This past week I had the opportunity to attend my very first Dabble class. A friend of ours works for Dabble, which is a company that organizes one-time classes in subjects ranging from glass blowing to "Real Estate Short Sales for Buyers & Investors". It's fun because you can try something you might never do otherwise and have no further commitment (kinda why I've always loved The Chopping Block so much - there's such beauty in an evening of learning something new!).
I've never (ever) considered myself a scotch drinker. Wine and beer are my boose-y passions and I told the instructor that when I introduced myself before class (yes, I do that kind of thing). However, I am always, and forever will be, open to learning anything new about food and beverage. I was interested to know if I would be able to detect any nuances in the six different scotches we were going to taste or would it just taste like whiskey, whiskey and more whiskey. My nose and palate led me though the journey, and I learned quite a lot.
1. For single-malt, there can only be three ingredients: barley, water, yeast. That's it.
2. All those ingredients must be from (and the distilling process must occur) in Scotland.
3. And, it has to be aged in an oak barrel for a minimum of 3 years.
The Master of Scotch who was teaching the class, assured us that we probably don't want "enjoy" those minimally-aged varieties unless we plan to splash some (okay, maybe quite a bit) of soda on top. This tasting contained none of those. The youngest Scotch we tasted was a sweet 16. And, surprisingly, it kinda was sweet. It was from the Islay region of Scotland which (I'm told) often produces a milder scotch. There were hints of caramel and vanilla and they really came to the forefront when we added a few drops of water to the mix - at least for me. Like wine, we all have our own palate; one smells and tastes what one smells and tastes.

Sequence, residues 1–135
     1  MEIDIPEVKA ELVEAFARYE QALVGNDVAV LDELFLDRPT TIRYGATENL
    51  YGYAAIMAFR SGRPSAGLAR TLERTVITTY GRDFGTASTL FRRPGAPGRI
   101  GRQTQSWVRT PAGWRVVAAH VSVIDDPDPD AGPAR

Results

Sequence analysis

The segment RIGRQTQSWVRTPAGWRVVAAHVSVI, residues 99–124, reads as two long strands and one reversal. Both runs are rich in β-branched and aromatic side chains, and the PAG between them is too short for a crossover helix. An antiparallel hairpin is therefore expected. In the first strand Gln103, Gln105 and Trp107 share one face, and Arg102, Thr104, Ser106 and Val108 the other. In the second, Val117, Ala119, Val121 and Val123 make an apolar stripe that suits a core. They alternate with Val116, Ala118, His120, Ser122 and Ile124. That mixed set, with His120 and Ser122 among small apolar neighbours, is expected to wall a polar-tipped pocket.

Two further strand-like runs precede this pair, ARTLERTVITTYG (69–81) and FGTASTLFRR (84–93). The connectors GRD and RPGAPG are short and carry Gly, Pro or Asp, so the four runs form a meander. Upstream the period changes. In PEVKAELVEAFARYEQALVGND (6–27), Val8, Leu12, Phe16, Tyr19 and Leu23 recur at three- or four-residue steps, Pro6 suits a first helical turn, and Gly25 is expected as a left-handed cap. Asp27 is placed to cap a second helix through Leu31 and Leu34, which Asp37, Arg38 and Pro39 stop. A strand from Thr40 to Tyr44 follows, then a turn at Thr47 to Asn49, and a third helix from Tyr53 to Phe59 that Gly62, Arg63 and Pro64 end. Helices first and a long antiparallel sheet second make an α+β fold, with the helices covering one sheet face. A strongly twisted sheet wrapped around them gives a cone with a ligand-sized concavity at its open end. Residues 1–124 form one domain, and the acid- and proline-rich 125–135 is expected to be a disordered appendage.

We continued through the line up and it was really amazing how different each scotch was. I couldn't help but compare it to wine, which is also influenced by the barrel it's aged in, time, region, and blending. Our instructor offered up a few food and scotch pairings too - whaa? You can pair scotch with food? Of course! Food and beverage just go hand in hand.
The class ended with our sixth tasting: a very expensive (like, would-have-been-$40-for-the-one-ounce-pour-I-had-in-front-of-me expensive) high-aged scotch. 75 years old! This scotch was born during the Great Depression, but things had definitely improved for it. I drank history. Which was cool. It was also way smooth and I felt very classy. I can't afford to be that classy, however, so I just tried to really enjoy my few minutes with this sipper.
Scotch has not taken over as my drink of choice, but it was so interesting to delve into this new category of beverage craftsmanship. The knowledge of wine I've gained through classes at the Chopping Block (shout out to my fellow Wine Academics!) definitely helped me understand and appreciate all that a high-aged scotch can be. So, thank you Dabble and thank you Chopping Block! I've learned so much from you! Cheers!